In terms of strengths and weaknesses, Nile is a band that has generally functioned on a dual path of short, concentrated doses of sonic adrenaline versus drawn out, more stylistically eclectic offerings that lean into a more theatrical/mystical vain, so it tends to be a subjective process in picking a favorite. For those who prefer their brutality in a compact package that mirrors the sort of all violence, all the time mode displayed by Dying Fetus, there are some truly colossal offerings in “Oxford Handbook Of Savage Genocidal Warfare” and “Snake Pit Mating Frenzy” that tone down the Egyptian folksy elements for something that can trade blows with any New York-based outfit. On the other side of the spectrum shines some truly astounding diamonds of ambitious and epic songwriting in “Seven Horns Of War” and “The Imperishable Stars Are Sickened” that take elements of that same aforementioned brutality and tempers it with elements of symphonic bombast, Eastern mystique and a more controlled groove to take the listener on a truly harrowing journey.
It may seem a cliché given that most bands tend to play to a specific target audience in the same manner, but when it comes to Nile, liking one of their albums tends to result in liking everything they put out. Relative to previous outings, this album goes a bit heavier on the elongated musical storytelling and even features a full blown move into emulation of ancient Egyptian music by Karl Sanders on the short instrumental “Thus Sayeth The Parasites Of The Mind” where he takes up an Eastern plucked-string instrument and fashions a virtual orchestra around it that results in something that could pass for a Hollywood film score. It’s not something that Nile hasn’t done before, though the way that it strikes the ears this time around is all the more compelling given the ongoing advances in recording studio tech. In essence, this is an album that sticks to what works, and though it may rope in a few newcomers that have already taken the plunge with Behemoth or Fleshgod Apocalypse, but otherwise is tailor made for existing fans. Nevertheless, a truly solid offering for those who like their death metal steeped in technical flair and symphonic largess.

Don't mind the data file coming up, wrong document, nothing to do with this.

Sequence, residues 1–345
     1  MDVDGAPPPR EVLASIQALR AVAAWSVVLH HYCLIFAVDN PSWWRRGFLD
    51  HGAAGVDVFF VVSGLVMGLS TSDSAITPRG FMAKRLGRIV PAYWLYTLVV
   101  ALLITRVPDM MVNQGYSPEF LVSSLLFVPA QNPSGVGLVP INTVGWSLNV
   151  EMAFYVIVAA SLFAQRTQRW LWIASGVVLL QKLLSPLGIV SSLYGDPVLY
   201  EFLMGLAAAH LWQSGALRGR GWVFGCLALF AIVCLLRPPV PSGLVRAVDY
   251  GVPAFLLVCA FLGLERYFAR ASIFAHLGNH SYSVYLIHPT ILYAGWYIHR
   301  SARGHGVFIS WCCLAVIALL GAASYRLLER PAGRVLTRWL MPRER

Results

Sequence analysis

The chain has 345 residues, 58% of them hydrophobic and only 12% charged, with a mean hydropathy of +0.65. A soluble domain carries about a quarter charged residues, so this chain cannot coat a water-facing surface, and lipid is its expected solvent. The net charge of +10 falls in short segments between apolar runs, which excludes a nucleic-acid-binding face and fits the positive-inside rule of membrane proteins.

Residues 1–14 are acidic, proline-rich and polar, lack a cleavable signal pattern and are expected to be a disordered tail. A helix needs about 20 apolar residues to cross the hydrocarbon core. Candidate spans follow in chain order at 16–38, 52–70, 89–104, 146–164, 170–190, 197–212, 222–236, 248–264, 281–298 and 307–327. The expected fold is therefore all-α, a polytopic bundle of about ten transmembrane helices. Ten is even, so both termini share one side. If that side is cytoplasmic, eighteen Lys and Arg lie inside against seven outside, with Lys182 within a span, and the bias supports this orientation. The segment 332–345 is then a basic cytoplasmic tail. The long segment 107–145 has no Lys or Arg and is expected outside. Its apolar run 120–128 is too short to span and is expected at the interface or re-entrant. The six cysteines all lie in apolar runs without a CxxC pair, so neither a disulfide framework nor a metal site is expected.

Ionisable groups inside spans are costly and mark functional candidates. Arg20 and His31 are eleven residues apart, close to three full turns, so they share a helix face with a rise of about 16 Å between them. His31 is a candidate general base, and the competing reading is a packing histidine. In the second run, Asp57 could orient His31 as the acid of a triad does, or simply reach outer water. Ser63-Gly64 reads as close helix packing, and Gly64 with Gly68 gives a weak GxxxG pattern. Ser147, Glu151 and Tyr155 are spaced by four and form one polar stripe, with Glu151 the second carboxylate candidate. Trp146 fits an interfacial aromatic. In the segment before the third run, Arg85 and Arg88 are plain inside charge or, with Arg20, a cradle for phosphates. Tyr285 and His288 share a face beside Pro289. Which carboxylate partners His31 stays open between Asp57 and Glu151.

Released by: Nuclear Blast Records
Released Date: November 1st, 2019
Genre: Death Metal
- Karl Sanders / Guitar, Vocals
- George Kollias / Drums
- Brad Parris / Bass Guitar, Vocals
- Brian Kingsland / Guitar, Vocals
“Vile Nilotic Rites” Track-listing:
1. Long Shadows of Dread
2. The Oxford Handbook of Savage Genocidal Warfare
3. Vile Nilotic Rites
4. Seven Horns of War
5. That Which Is Forbidden
6. Snake Pit Mating Frenzy
7. Revel in Their Suffering
8. Thus Sayeth the Parasites of the Mind
9. Where Is the Wrathful Sky
10. The Imperishable Stars Are Sickened
11. We Are Cursed
Continuing to raise a curious stylistic niche into a grand, decades long tradition, the self-appointed Pharaoh of American technical death metal raises the brutality and theatricality stakes yet again with another colossal Ithyphallic opus